Annual Lecture Series Honors Sister Thea Bowman, F.S.P.A., Scholar and Social Justice Worker
The Sister Thea Bowman, F.S.P.A. Distinguished Lecture Series, established in 2014 to present the research interests of scholars who emphasize the experiences of Black women in the diaspora and other marginalized groups, will be held on Wednesday, Feb. 14, at 4 p.m., in the Campion Student Center North Lounge. The event is free and open to the public.
This year’s speaker is Camille Z. Charles, Ph.D., the Walter H. and Leonore C. Annenberg Professor in the Social Sciences at the University of Pennsylvania. Charles’s lecture, “The Real Record on Racial Attitudes,” will reflect her expertise as a leading scholar in American race relations.
“We are honored to welcome Dr. Charles to Saint Joseph’s as the 2018 Bowman distinguished lecturer,” says Elaine Terry, Ph.D., assistant professor of mathematics and a co-organizer of the lecture with Elizabeth Linehan, RSM, associate professor of philosophy. “Her work has been described as ‘mapping the major divisions of, and trends in, U.S. racial attitudes, and documenting both progressive changes and enduring frictions and conflicts that continue to make race such a fraught terrain’ — topics that are timely and meaningful in contemporary race relations discourse.”
The lecture series was developed to enrich the intellectual and cultural lives of Saint Joseph’s students, faculty and staff, and members of the immediate surrounding community, while supporting the work of Black women in the academy. Speakers bring to bear the wealth of their research on issues that shape the experiences of Black communities. Support for the series is provided by the following University entities: Office of Inclusion and Diversity; Office of Mission; Office of Adult Student Life; Office of Student Success; and the College of Arts and Sciences.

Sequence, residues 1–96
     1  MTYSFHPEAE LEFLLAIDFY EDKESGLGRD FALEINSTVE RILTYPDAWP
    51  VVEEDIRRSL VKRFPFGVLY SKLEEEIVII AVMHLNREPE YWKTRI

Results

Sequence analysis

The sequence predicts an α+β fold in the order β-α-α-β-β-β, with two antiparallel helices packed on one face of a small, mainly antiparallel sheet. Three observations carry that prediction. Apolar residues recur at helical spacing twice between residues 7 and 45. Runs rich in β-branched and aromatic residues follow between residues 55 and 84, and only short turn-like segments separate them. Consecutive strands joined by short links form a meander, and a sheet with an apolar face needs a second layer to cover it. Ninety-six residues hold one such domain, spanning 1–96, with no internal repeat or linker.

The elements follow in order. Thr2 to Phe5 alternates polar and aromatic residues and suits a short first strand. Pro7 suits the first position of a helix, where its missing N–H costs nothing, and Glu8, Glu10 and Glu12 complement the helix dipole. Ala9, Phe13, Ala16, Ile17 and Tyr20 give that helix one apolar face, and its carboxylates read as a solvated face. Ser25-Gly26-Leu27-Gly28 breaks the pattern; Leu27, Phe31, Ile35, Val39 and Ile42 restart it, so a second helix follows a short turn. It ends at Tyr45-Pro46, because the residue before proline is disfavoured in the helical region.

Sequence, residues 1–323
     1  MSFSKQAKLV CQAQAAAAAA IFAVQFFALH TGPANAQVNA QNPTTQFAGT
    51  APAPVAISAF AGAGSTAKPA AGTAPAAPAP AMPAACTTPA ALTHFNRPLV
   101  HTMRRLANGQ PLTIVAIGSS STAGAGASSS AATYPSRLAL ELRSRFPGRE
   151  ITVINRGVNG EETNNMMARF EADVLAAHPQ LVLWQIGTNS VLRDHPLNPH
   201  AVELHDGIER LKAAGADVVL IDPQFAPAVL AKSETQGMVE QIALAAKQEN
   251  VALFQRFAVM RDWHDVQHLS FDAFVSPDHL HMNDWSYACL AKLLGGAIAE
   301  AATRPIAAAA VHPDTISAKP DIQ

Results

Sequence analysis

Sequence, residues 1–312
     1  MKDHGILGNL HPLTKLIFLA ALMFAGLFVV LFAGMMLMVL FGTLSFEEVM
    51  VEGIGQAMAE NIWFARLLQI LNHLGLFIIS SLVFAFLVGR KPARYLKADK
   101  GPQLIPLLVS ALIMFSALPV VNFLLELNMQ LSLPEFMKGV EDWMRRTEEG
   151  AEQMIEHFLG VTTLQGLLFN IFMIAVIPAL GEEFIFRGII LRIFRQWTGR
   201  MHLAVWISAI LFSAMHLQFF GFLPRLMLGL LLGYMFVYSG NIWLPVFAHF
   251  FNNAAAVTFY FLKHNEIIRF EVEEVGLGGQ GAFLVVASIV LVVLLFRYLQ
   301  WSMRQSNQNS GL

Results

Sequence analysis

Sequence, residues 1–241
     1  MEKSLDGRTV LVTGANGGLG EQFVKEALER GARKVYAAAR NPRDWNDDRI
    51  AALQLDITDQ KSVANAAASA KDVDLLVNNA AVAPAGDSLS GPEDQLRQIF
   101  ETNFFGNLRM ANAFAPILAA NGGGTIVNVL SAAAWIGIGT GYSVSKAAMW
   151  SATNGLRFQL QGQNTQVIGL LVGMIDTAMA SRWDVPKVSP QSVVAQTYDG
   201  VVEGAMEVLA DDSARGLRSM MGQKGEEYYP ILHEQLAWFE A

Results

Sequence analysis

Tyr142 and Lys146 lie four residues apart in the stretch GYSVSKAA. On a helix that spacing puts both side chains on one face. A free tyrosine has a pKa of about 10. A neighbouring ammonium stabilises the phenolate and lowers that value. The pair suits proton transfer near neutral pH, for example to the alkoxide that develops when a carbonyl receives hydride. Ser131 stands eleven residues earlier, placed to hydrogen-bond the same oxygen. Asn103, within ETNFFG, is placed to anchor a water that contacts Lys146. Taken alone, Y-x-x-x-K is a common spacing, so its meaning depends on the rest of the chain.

About Thea Bowman, F.S.P.A.: Sister Bowman (1937-90) was a Roman Catholic religious sister of the Franciscan Sisters of Perpetual Adoration of La Crosse, Wisconsin. A teacher, scholar and social justice worker, she made significant contributions to the world as both a devout Catholic and as an African American woman. Born in Yazoo City, Mississippi, the daughter of a physician and an educator, she was raised as a Methodist until age 9 when she asked her parents if she could become a Catholic. Sr. Bowman earned a Ph.D. in English language, literature and linguistics from The Catholic University of America in Washington, D.C., and later was the first African American woman to receive a doctorate in theology from Boston College. She dedicated herself to breaking down racial and cultural barriers and was instrumental in founding the National Black Sisters Conference to provide support for African American women in Catholic religious institutions. Known as a gifted orator with a beautiful singing voice, she became a favored evangelist in African American communities, living a life full of joy, faith and praise to God. Sr. Bowman was posthumously awarded the Laetare Medal, the oldest and most prestigious honor given to American Catholics